In the first study conducted in 2008, black cohosh was found to significantly increase estradiol and LH concentrations in patients taking clomiphene therapy.   Endometrial thickness, serum progesterone and clinical pregnancy rate in patients were significantly higher in the black cohosh group as compared to control.

The second study was completed in 2009. In this study of patients taking clomiphene, black cohosh given in the follicular phase was compared to estrogen therapy, presumably in order to determine which could reduce side effects more effectively. The black cohosh group needed significantly fewer days for healthy follicular development, had a thicker endometrial lining and had higher estradiol concentration at the time of HGG ovulation trigger when compared to the estrogen replacement therapy group.  Clinical pregnancy rate was 14.0% in the estrogen replacement group versus 21.1% in the black cohosh group. Although this did not reach clinical significance, it appears that the black cohosh group did display many benefits overall when compared to the estrogen replacement group. When results from the previous study are also considered, it appears that this therapy may warrant serious consideration and further study for those undergoing clomiphene treatment.

More studies will need to be conducted in order to determine the mechanisms of this herbal medicine’s benefits for patients undergoing modern assisted reproductive technology therapies.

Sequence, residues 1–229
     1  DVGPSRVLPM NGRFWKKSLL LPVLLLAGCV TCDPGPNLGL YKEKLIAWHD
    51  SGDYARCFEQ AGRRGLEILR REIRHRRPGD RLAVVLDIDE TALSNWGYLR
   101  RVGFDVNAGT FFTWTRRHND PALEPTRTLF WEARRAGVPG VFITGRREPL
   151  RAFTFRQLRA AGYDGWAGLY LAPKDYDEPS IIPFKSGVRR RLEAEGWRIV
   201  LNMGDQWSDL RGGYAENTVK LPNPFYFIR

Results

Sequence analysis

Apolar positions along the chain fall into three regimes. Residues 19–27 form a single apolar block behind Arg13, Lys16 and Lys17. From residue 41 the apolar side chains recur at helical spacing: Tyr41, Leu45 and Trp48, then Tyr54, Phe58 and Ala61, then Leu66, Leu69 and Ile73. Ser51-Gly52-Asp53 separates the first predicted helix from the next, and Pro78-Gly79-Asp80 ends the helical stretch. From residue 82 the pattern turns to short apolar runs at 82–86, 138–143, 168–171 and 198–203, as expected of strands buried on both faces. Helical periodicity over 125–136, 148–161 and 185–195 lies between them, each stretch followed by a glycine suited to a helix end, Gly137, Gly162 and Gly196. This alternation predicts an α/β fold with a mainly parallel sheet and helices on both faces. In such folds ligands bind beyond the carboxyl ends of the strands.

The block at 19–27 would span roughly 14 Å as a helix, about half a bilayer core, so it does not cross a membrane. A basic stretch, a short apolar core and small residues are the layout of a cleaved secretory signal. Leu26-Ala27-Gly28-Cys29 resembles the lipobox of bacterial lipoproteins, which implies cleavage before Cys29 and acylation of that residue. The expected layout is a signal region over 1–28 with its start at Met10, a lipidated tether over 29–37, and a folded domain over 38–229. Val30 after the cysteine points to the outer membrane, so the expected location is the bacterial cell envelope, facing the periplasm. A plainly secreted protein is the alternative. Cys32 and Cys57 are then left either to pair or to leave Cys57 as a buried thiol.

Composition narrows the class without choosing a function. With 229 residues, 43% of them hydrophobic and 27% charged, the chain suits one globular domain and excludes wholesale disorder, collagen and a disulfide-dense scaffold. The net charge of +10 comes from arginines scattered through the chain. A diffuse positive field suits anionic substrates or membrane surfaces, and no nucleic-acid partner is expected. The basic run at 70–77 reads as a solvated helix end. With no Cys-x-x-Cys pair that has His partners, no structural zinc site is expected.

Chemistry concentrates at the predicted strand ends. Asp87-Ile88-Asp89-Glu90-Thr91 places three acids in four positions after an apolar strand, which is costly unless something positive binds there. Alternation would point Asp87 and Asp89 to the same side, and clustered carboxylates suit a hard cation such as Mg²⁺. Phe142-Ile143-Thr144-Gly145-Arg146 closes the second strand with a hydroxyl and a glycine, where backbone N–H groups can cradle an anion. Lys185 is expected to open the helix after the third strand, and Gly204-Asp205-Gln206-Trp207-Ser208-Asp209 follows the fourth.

References:

Homburg, I.  Clomiphene citrate—end of an era? a mini-review.  Human Reproduction 2005 20(8):2043-2051

Insler, V MB, BCh; Zakut, H MD; Serr, D M MB, ChB. Cycle Pattern and Pregnancy Rate Following Combined Clomiphene-Estrogen Therapy. April 73 (4) 4

Massai et al.  Clomiphene citrate affects cervical mucus and endometrial morphology independently of the changes in plasma hormonal levels induced by multiple follicular recruitment.  Fertil Steril. 1993 Jun;59(6):1179-86

Osmers et al. Efficacy and Safety of Isopropanolic Black Cohosh Extract for Climacteric Symptoms. Obstetrics & Gynecology:  May 2005 – Volume 105 – Issue 5, Part 1 – pp 1074-1083

Sandro Gerli, Hossein Gholami, Antonio Manna, Antonio Scotto Di Frega, Costantino Vitiello, Vittorio Unfer, Use of ethinyl estradiol to reverse the antiestrogenic effects of clomiphene citrate in patients undergoing intrauterine insemination: a comparative, randomized study, Fertility and Sterility, Volume 73, Issue 1, January 2000, Pages 85-89